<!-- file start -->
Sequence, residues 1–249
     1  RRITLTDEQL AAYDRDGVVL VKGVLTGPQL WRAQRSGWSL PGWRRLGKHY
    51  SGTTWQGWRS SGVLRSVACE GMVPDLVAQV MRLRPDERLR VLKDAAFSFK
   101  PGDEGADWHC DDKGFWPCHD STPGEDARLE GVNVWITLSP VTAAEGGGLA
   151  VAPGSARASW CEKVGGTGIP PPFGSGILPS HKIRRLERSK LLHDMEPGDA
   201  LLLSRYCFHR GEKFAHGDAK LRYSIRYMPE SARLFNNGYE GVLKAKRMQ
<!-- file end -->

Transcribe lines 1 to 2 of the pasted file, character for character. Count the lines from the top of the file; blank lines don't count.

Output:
Sequence, residues 1–249
     1  RRITLTDEQL AAYDRDGVVL VKGVLTGPQL WRAQRSGWSL PGWRRLGKHY